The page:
The Battle of The Hedgerows took place in Southwestern France.  For centuries, French farmers have protected their crops and farms from the strong winds by building ditch banks of dirt about three to four feet high around their properties.  They planted hedges or other thick shrubbery on top of the dirt banks.  In many cases the total height of the shrubbery reached 12 feet.  One aerial photo of Normandy shows over 3,900-hedged enclosures in an eight square mile area.  Due to the terrain, most of the fighting took place at close range - no more than 50 yards away from the enemy.  The Germans were well concealed and entrenched in the hedgerows and it was extremely dangerous for our men as they fought their way through.  Every step they took could be their last.  Could a German Platoon be lying-in-wait to ambush them in the next hedgerow?  Sometimes our Troops would fight for five or six days and gain only a few hundred feet of new territory.  The 823rd frequently fired their 3-inch guns directly into the hedgerows blasting a hole right through it to make sure that the Germans were not hiding in an ambush.  As our troops advanced and secured the hedgerows, the German retreat was hasty.  They often left behind large kegs of beer, weapons, ammunition and other personal effects.  Of the battle in the hedgerows, the Battalion Commander said, “I doubt if anyone who ever ducked bullets and shells in the hedgerows, waded through the mud on foot, and scrambled over the hedgerows never knowing when he might find himself looking into the muzzle of a German tank gun, will look back on those days with any remembered feeling other than of the deadly unrelenting fatigue and danger.  Except when the Germans counterattacked, there was so little result to show for so much suffering; just a few hedgerows gained, each one just like those already behind and those still to take.”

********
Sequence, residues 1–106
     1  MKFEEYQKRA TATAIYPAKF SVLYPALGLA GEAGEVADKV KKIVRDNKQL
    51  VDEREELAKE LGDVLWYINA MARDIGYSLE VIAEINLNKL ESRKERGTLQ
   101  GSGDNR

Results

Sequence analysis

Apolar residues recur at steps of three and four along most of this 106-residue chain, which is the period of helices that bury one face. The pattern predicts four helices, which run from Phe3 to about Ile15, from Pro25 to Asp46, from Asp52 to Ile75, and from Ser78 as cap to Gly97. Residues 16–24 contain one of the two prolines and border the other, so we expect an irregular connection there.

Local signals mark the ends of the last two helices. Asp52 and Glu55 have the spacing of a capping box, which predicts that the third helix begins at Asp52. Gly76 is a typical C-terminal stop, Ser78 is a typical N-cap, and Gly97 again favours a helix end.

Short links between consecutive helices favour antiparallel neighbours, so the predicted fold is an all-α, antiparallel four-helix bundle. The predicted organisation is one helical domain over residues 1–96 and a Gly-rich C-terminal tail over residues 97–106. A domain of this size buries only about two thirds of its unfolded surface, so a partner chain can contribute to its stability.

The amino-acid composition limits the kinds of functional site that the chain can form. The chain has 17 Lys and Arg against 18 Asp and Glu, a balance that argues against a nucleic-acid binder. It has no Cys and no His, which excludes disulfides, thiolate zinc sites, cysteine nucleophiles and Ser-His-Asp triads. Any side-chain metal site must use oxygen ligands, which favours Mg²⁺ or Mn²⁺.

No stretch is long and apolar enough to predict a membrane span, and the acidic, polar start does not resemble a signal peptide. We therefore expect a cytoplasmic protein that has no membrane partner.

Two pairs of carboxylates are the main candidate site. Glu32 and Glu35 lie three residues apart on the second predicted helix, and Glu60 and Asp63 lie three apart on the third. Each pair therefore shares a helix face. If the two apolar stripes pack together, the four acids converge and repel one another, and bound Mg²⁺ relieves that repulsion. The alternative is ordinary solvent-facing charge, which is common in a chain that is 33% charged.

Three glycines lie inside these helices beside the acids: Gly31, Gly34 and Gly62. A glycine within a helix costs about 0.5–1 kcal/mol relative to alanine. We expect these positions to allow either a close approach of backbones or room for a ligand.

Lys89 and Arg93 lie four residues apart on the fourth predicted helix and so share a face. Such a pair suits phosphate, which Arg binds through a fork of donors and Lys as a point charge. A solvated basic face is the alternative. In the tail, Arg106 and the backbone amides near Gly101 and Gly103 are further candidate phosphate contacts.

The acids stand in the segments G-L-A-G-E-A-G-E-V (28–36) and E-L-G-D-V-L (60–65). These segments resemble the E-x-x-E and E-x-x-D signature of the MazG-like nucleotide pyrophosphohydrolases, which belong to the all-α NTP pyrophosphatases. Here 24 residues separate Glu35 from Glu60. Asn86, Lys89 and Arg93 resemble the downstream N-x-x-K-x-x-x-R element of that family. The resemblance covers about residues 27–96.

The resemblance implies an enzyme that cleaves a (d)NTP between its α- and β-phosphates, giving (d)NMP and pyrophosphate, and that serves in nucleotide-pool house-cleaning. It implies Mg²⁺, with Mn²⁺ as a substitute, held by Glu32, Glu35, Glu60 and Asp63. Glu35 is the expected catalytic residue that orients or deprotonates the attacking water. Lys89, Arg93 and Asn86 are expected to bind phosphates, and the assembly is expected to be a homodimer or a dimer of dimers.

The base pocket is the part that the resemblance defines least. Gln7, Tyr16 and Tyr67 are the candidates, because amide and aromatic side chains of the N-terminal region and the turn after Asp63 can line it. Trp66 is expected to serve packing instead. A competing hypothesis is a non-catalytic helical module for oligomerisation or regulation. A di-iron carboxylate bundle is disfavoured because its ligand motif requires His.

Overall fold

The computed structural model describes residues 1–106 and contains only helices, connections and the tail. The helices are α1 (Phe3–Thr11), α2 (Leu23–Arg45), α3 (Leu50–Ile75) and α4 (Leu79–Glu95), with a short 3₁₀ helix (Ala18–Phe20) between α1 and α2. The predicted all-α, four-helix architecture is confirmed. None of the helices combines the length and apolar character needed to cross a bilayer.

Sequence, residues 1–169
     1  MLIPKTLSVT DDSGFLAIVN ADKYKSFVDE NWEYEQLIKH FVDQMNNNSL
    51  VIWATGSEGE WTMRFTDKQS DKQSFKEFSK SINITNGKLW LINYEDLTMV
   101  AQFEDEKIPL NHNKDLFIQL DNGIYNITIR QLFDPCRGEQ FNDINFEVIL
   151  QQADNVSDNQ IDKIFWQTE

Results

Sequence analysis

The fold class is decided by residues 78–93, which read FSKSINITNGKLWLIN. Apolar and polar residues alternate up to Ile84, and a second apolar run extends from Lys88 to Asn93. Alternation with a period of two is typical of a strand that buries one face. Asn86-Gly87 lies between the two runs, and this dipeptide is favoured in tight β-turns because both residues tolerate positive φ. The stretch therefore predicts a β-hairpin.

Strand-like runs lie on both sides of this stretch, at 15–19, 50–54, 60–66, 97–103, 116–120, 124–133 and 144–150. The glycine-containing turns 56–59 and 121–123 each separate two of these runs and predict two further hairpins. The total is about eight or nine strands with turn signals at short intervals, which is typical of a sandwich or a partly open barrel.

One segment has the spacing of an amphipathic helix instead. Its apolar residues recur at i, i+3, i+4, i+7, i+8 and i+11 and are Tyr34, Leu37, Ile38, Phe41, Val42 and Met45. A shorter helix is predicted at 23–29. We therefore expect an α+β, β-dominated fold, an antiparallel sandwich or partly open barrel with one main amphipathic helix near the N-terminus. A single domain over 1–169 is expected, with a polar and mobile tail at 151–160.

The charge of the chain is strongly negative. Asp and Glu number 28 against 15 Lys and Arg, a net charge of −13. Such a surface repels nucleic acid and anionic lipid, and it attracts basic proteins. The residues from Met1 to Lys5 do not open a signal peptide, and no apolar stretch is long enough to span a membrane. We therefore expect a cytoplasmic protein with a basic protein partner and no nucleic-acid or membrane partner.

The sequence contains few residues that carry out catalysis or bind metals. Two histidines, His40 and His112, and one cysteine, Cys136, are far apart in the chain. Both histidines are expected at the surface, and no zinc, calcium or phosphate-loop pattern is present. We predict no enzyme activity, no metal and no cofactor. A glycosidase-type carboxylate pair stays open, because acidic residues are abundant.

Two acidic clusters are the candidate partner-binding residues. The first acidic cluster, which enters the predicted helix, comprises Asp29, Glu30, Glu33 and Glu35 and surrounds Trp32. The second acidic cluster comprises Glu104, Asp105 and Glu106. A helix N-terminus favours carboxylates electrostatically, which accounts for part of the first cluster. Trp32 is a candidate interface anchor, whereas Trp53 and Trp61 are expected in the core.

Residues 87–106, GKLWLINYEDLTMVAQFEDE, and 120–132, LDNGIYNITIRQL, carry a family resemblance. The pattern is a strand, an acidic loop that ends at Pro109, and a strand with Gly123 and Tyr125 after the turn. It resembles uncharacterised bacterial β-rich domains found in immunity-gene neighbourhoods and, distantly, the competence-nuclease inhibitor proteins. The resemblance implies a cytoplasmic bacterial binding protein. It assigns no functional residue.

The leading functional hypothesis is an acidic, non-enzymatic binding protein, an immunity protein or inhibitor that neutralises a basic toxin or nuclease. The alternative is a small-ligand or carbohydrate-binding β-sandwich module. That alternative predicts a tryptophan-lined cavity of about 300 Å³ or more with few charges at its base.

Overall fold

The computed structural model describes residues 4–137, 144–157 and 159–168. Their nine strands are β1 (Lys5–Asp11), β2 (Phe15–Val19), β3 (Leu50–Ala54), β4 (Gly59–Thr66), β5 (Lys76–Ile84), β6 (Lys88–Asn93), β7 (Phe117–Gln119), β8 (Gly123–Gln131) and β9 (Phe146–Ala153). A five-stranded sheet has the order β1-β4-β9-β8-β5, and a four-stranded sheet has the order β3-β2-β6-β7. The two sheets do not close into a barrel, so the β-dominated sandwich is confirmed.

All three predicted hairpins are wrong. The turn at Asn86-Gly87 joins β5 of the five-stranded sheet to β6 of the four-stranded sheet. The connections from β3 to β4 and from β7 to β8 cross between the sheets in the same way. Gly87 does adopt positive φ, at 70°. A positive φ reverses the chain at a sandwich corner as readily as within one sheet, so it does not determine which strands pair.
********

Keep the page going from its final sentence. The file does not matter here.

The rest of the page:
The Battle of St. Lo